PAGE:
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Secretary of State

in which I ramble through my day, which makes for boring blogging, but I think there's a point here somewhere ...

It was one of those low-key days where I didnít ever quite do what I was meaning to, but most of it got done in spite of itself. Funny how that works.

Got up and instead of writing my morning pages, I re-worked my CV for a job opportunity that came up last night that I have mixed emotions about.

9:30 rolled around and it was time to go see Clayton. It looked miserable outside and I had no motivation at all. A different Bob (one Iím all too familiar with) would have blown it off, but I bundled up and walked to the gym where the punishment ensued.

Decided a relaxing steam would help me recover from the workout (he gave me my moneyís worth), but the steamroom was very noisy with two old men blathering away in less-than soothing Arabic tongues. Rather than get really steamed by their annoying chatter, I opted for a long hot shower.

I knew if I went home, Iíd probably just nap, so I wandered to a coffee shop. Opened my bag to get my morning pages notebook out (it was still morning, after all), but Iíd apparently left on the nightstand so I ended up writing in my new ďcreative writingĒ only notebook. Oh well, writing is writing.

Read from a new book on creativity. Wondered why other people think Iím creative and I think Iíve got as much creativity as a popsicle stick. Turns out it's all about state and flow.

Chatted up a colleague about the new job opportunity and he confirmed the misgivings I was having about the position. Decided not to write it off, but to tread forward carefully.

Read more of the creativity book and it talked about how creative people instinctively know when ideas are good or not. Wondered if I was not loving the new job prospect because I was being instinctive/creative, or if I was just being afraid of the work. Hmmm..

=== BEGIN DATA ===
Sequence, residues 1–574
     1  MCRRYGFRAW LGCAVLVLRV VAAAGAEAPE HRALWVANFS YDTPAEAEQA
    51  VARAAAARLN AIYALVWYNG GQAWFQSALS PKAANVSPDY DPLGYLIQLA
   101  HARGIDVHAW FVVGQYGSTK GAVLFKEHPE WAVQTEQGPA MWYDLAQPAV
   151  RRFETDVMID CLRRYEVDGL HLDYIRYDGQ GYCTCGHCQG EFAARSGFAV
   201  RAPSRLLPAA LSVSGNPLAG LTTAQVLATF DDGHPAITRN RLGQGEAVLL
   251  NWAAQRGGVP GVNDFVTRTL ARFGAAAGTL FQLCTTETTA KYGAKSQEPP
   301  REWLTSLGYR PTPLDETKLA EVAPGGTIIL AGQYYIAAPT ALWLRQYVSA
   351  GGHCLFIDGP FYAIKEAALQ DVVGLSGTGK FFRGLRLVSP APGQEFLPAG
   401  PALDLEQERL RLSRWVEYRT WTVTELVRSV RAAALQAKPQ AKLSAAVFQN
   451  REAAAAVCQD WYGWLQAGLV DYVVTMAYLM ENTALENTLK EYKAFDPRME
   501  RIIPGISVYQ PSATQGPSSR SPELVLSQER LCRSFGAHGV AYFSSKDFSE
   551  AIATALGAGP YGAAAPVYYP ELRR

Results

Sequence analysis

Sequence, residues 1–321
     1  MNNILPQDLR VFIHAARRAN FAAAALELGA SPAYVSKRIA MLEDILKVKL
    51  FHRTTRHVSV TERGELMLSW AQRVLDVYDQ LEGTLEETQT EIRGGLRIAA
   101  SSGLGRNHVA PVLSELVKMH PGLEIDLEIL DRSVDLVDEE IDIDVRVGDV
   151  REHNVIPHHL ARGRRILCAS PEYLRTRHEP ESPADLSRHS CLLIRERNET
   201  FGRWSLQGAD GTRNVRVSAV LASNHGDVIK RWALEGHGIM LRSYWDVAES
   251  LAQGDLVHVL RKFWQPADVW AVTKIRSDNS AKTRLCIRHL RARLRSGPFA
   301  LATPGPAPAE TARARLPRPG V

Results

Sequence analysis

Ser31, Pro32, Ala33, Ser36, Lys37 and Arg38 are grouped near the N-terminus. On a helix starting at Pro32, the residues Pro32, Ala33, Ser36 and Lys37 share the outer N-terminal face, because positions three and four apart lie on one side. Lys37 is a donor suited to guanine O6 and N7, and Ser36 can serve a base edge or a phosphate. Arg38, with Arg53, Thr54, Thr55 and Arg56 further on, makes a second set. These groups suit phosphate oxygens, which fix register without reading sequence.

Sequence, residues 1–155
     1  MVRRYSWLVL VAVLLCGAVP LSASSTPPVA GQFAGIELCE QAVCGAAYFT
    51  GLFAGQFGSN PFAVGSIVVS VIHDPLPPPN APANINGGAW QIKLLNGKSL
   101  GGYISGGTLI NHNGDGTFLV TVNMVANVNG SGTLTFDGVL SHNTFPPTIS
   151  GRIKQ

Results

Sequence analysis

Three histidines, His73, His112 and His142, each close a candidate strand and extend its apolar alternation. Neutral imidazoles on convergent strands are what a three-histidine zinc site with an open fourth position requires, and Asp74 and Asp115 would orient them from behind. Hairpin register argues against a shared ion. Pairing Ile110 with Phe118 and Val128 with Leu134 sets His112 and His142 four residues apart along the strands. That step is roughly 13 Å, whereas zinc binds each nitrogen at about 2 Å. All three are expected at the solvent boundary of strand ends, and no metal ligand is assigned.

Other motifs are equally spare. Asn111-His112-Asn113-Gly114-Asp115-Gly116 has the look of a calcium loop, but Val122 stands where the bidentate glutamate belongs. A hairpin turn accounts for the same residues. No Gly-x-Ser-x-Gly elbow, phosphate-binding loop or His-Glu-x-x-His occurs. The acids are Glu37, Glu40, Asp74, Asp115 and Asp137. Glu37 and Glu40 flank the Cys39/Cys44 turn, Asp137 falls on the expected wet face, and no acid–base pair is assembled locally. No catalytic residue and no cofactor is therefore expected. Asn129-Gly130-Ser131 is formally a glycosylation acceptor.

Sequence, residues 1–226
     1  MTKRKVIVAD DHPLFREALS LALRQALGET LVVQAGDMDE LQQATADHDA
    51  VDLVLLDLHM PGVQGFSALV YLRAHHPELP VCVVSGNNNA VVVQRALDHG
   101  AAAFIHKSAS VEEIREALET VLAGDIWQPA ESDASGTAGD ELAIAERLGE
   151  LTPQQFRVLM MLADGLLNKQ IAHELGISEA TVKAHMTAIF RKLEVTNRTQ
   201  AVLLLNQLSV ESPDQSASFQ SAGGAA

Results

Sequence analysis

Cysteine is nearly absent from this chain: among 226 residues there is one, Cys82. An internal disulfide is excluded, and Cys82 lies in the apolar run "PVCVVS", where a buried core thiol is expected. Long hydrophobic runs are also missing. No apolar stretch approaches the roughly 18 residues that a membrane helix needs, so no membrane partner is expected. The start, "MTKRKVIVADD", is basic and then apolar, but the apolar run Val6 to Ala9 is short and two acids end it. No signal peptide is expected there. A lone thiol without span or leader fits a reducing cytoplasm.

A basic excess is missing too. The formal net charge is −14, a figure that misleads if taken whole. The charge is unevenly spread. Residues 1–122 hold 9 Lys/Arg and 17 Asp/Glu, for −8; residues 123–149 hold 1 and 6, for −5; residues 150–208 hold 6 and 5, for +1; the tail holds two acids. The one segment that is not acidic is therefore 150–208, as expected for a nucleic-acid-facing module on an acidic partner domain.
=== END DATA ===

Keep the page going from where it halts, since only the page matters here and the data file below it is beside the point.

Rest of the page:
Got blown off by my lunch date (that work thing does get in the way, doesnít it?) so I wandered up the high street in search of spaghetti and meatballs. Donít know why, it just sounded good.

My first-choice restaurant seemed too crowded, so I walked back down the high street in search of other options It was really cold and damp and gray. The creativity book had talked about state affecting creativity and you really couldnít be creative unless you were in the proper state.

Spaghetti and meatballs would put me in a good state, I thought. So would a day at the beach Ö a nice warm, sunny beach. Out of the blue, well, the gray, had a thought that I havenít had a good cry for awhile. Whereíd that come from?

Ended up in a pub eating toad in hole, with the biggest Yorkshire pudding Iíd ever seen. Realized it was the second day in a row Iíve had sausage for lunch. Assimilation or just unhealthy eating?

Finished reading The History of Love, and choked back tears for the last 15 pages. Fortunately I was sitting in the corner and I donít think anybody realized. It was tender and sweet and heartbreaking and oh-so sad. I loved it.

Had this thought for the third time this week: Itís not so much that I want to write great things that make the reader laugh and cry at the same time Ö itís that I want to have already written them.

Walked home in the chill, feeling a little tired and a little old, thinking about poor Leopold and his sad, lonely life, cried a little for him, and wondered if itís normal for allegedly grown men to be weepy while quietly walking down the pavement on a wintry afternoon. I know Iíd avert my eyes if I saw me coming. I wasnít hysterical or anything, but still Ö I probably looked like a crazy person.

Got home, took that nap Iíd been putting off for the past several hours, and then picked out the next books from the to-be-read shelf. Iíve got two: Fingersmith and The Roman Spring of Mrs. Stone. It looks like Iíll be spending my upcoming afternoons with Victorian lesbians and Italian gigolos.

Perfect.

Now thereís a chicken roasting in the oven with, some could unsuccessfully argue, too much garlic.

It was a quiet, simple day. Maybe tomorrow Iíll have spaghetti and meatballs Ö with Mrs. Stone.

:: :: ::

So where's that point you mentioned at the beginning?

I guess it's that during most of my day, I thought I was having a really boring, uneventful, unproductive day. In a few months when I'm back in the swing of the work world, I'll look back and probably offer to pay big bucks to be able to just enjoy a day of doing (ostensibly) nothing. Oh, and it's good to have a plan, but you don't always have to do it in the order you thought you would. It all gets done when it's ready.